MALAYSIA is among the top three most improved middle powers in Asia in 2019, following the return of Dr Mahathir Mohamad as prime minister after last year’s elections, said an Australian think-tank.

Lowy Institute, in an analytical study of the influence of countries around the world, also placed Malaysia ninth among a list of 25 most influential countries in Asia.

“The power of leaders to shape their countries’ foreign policy is reaffirmed in ninth-placing Malaysia’s strong performance, following the surprise return to office of 93-year-old Prime Minister Dr Mahathir Mohamad in 2018,” it said.

Malaysia scored 22.8 on the institute’s Asia power index, an analytical tool that ranks 25 countries and territories in terms of their capacity to influence regional events.

The project evaluates state power through 126 indicators across eight thematic measures: military capability and defence networks, economic resources and relationships, diplomatic and cultural influence, as well as resilience and future resources.

Power is measured by distinguishing between resource measures that look at what countries have and influence measures that assess what countries do with what they have.

The report noted that Malaysia’s impressive ranking was a big shift for its stature which “had diminished since the heyday of the first Dr Mahathir premiership two decades ago”.

Pakatan Harapan succeeded in dislodging Barisan Nasional in the May 9 polls last year, marking the first change in government in the nation’s history.

According to Lowy Institute, although Malaysia dropped one place in economic resources in 2019 because of the growth of neighbouring economies, it fared better than in the last year across the index’s influence measures.

“Malaysia has resumed its standing among the top 10 most diplomatically influential powers in Asia and trended upwards for defence diplomacy.

“Kuala Lumpur’s external policy under Dr Mahathir 2.0 has explicitly been refocused on the geo-economic security, resilience and bargaining power of Southeast Asian states facing rivalry and turbulence as a result of the trade war between the US and China,” it said.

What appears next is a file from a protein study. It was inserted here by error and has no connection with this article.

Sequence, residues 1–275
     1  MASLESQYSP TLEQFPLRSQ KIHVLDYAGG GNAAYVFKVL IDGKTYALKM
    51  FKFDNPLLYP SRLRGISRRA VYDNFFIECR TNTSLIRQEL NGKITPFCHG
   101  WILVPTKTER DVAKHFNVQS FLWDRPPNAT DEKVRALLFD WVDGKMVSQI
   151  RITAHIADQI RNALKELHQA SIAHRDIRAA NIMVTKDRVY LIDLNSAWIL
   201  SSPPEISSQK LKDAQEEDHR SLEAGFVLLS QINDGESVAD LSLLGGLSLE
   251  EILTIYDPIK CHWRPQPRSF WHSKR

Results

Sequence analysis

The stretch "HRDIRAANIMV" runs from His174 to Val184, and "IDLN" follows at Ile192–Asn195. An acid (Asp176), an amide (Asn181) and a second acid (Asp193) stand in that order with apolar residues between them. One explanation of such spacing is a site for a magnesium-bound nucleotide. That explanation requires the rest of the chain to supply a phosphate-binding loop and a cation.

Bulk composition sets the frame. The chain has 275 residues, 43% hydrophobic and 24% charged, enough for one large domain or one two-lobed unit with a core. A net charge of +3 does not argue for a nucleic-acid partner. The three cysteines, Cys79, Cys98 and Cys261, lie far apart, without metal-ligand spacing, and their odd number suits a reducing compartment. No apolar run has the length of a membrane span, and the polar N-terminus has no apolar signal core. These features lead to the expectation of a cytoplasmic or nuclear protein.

“Dr Mahathir has succeeded in obtaining more favourable terms for foreign-funded infrastructure projects – notably a major Chinese-funded rail projectlinking Kuala Lumpur to southern Thailand – while maintaining close ties to Beijing.”

The analysis also ranked Malaysia as an overachiever whose influence outpaced its resources.

“South Korea, Australia, Malaysia and Singapore have more influence than their raw capabilities would indicate.

“This points to their ability and willingness to work collaboratively with other countries to pursue their interests. They are highly networked and externally focused.”  – THE MALAYSIAN INSIGHT

Singapore world’s most competitive economy

SINGAPORE is ranked the world’s most competitive economy for the first time since 2010, outstripping the US to take the top spot, according to the Switzerland-based IMD Business School.

The city-state’s rise to the top was driven by its advanced technological infrastructure, availability of skilled labour, favourable immigration laws and efficient ways to set up new businesses, it said.

The US fell to second place as the confidence boost from President Donald Trump’s first wave of tax policies faded combined with higher fuel prices, weaker hi-tech exports and fluctuations in the dollar.

Asia-Pacific is the star region, with 11 out of 14 economies either improving or holding their ground, led by Singapore and Hong Kong, said IMD.

Malaysia came in at No. 22, moving two spots up from last year, ahead of Japan (30) and Thailand (25).

“In a year of high uncertainty in global markets due to rapid changes in the international political landscape as well as trade relations, the quality of institutions seem to be the unifying element for increasing prosperity. A strong institutional framework provides the stability for business to invest and innovate, ensuring a higher quality of life for citizens,” said Arturo Bris, IMD professor and director of IMD World Competitiveness Centre, the research centre which compiles the ranking.

The IMD world competitiveness rankings are in its 30th year and uses 235 indicators to rank each of the 63 economies.

The gauges include unemployment, GDP and government spending on health and education, as well as “soft” data from an opinion survey covering topics such as social cohesion, globalisation and corruption.

The economies are judged on economic performance, infrastructure, government efficiency and business efficiency.

“There is no one-size-fits-all solution for competitiveness but the best performing countries tend to score well across all four categories,” IMD said.  – THE MALAYSIAN INSIGHT